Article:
|scientific name Stretchia plusiaeformis |
Relatively dry open woodlands or woodland edges, with gooseberry or currents.
Adults fly in Alberta in late April and May.
The large characteristic pale orbicular and reniform spots, connected at the bottom to form a large shallow V or W will identify specimens of Stretchia. Plusiaeformis is a mostly grey moth, found in drier sites than the other Alberta species, S. muricina. Muricina replaces plusiaeformis in shaded wooded sites in the grasslands region and foothills, and is slightly smaller and darker red-brown. However, the two species are extremely similar in appearance and males in particular may be impossible to identify with certainty. Females are easily separated as the antennae of plusiaeformis females are strongly serrated with the side branches triangular and shorter than the shaft. In muricina, the female antennae are pectinate with the side branches long and narrow.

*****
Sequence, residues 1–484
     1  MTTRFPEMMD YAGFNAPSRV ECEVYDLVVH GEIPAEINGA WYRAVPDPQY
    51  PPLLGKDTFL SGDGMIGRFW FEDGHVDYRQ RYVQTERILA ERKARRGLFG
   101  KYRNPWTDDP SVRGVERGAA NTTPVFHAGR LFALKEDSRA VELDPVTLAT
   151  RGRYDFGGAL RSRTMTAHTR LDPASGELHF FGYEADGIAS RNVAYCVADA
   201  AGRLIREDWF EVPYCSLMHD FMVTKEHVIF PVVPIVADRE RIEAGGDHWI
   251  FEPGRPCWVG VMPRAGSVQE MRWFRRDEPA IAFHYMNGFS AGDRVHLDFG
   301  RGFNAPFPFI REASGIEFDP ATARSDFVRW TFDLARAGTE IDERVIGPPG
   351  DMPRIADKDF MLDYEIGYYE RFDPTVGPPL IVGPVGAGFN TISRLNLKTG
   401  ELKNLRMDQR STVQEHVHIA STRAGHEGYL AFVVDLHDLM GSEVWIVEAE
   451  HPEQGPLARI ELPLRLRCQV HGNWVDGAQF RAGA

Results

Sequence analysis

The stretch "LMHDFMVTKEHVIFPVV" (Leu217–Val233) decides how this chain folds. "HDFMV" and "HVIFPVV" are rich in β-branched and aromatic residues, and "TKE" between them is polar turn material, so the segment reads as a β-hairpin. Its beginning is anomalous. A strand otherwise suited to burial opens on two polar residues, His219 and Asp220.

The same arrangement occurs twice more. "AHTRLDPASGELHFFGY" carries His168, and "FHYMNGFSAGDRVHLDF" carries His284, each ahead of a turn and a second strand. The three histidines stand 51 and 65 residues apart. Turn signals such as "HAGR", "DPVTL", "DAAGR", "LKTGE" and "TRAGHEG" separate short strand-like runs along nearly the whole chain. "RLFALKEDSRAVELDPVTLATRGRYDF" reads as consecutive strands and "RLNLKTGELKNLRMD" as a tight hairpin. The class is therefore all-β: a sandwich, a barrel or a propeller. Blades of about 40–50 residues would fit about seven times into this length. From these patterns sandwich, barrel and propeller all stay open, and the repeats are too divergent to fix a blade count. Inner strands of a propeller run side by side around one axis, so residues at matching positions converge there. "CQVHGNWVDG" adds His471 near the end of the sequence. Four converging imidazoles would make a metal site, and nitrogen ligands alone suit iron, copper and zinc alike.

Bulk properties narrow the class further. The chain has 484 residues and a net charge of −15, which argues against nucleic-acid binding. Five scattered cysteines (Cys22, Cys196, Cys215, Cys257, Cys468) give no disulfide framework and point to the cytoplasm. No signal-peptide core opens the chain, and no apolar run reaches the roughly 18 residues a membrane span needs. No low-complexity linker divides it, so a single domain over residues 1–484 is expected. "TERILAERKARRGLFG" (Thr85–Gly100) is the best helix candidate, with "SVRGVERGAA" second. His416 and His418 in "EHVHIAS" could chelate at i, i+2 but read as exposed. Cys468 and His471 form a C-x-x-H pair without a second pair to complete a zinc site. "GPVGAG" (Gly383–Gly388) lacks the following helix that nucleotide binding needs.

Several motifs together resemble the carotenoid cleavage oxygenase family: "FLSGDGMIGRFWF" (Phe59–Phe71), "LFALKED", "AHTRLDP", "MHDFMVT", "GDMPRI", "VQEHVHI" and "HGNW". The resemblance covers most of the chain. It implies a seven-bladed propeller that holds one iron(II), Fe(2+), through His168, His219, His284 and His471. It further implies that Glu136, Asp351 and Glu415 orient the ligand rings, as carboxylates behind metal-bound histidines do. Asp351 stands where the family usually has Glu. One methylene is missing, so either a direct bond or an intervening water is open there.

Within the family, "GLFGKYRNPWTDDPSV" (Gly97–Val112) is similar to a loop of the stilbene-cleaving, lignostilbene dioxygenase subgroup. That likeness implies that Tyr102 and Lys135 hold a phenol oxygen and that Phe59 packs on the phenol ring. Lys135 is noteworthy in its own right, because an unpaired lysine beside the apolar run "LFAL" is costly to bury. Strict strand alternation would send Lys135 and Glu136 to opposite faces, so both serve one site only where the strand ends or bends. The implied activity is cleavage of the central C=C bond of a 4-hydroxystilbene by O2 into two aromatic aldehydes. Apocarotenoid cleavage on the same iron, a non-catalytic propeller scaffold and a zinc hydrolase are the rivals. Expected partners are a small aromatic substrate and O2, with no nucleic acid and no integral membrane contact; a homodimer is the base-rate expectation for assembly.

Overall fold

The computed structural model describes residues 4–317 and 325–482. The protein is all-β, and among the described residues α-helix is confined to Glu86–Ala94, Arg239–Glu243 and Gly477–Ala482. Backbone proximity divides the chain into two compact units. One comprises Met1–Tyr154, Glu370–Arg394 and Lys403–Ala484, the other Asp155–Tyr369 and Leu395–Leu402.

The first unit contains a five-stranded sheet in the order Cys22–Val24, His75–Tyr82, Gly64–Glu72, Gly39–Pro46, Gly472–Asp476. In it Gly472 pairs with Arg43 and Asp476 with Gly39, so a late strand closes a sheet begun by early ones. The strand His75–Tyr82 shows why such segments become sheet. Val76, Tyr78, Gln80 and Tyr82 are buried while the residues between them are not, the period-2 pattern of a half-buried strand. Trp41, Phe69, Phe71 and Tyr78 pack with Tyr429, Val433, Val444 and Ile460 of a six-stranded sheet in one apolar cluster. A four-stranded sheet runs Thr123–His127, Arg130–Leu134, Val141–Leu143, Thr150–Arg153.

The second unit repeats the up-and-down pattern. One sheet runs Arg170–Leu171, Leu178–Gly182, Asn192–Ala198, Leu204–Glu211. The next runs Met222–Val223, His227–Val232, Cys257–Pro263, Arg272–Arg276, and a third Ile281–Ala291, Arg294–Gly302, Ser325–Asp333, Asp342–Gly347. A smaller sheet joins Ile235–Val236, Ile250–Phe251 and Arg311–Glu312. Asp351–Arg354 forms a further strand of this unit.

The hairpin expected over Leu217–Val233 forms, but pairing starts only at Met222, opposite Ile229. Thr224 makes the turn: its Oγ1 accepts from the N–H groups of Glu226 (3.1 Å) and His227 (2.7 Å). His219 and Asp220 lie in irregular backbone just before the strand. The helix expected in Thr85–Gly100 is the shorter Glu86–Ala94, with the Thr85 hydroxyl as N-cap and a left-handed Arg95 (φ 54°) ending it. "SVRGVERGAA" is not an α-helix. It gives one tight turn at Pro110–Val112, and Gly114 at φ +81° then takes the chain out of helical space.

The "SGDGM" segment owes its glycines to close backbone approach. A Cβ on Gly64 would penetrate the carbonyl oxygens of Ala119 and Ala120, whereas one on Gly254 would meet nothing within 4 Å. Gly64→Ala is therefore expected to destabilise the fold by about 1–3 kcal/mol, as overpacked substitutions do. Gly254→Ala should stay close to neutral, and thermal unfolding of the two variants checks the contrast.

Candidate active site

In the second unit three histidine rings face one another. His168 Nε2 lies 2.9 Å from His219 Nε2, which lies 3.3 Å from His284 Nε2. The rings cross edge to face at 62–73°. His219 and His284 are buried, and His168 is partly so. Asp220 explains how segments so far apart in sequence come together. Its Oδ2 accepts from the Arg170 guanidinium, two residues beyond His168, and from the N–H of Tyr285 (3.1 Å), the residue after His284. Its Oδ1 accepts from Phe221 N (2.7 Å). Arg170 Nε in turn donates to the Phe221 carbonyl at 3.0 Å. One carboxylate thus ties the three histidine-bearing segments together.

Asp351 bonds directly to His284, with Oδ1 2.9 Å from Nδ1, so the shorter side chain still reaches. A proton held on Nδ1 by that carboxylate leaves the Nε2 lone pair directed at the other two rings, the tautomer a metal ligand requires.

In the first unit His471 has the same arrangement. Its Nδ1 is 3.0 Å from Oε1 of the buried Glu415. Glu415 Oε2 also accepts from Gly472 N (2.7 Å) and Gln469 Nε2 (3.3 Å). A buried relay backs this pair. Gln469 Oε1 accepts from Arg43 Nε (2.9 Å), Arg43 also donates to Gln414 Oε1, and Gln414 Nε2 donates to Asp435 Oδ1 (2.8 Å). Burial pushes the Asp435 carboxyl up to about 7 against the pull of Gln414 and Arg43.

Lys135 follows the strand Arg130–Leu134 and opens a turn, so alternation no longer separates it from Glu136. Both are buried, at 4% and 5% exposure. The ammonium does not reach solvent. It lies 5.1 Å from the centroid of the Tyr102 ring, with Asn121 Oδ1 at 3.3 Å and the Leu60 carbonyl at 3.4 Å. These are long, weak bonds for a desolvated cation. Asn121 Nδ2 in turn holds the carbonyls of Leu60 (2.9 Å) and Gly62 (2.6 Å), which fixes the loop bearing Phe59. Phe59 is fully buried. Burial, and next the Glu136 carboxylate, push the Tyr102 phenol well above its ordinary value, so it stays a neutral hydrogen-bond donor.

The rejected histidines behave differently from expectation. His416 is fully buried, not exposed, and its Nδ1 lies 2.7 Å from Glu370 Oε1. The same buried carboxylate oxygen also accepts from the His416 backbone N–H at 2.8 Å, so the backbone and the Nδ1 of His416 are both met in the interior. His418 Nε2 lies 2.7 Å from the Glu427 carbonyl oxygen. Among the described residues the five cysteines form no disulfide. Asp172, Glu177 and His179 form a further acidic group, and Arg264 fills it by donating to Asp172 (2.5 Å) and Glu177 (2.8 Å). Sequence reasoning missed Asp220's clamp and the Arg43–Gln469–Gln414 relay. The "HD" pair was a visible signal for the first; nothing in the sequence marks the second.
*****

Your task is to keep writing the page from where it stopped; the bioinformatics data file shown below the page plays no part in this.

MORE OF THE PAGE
Stretchia are single-brooded, and the adults come to light. They fly in early spring.
Widespread and locally common; no concerns.
Larvae are solitary defoliators of gooseberry and currents (Ribes sp.).
New Brunswick west to British Columbia. In Alberta they occur mainly along the southern part of the boreal forest and in the parkland regions, north to the Peace River region and south at least to the Rumsay, Dry Island (Tolman Bridge) Provincial Park and the foothills at Calgary. They are replaced in the grasslands and southern foothills regions by the closely related and very similar S. muricina.
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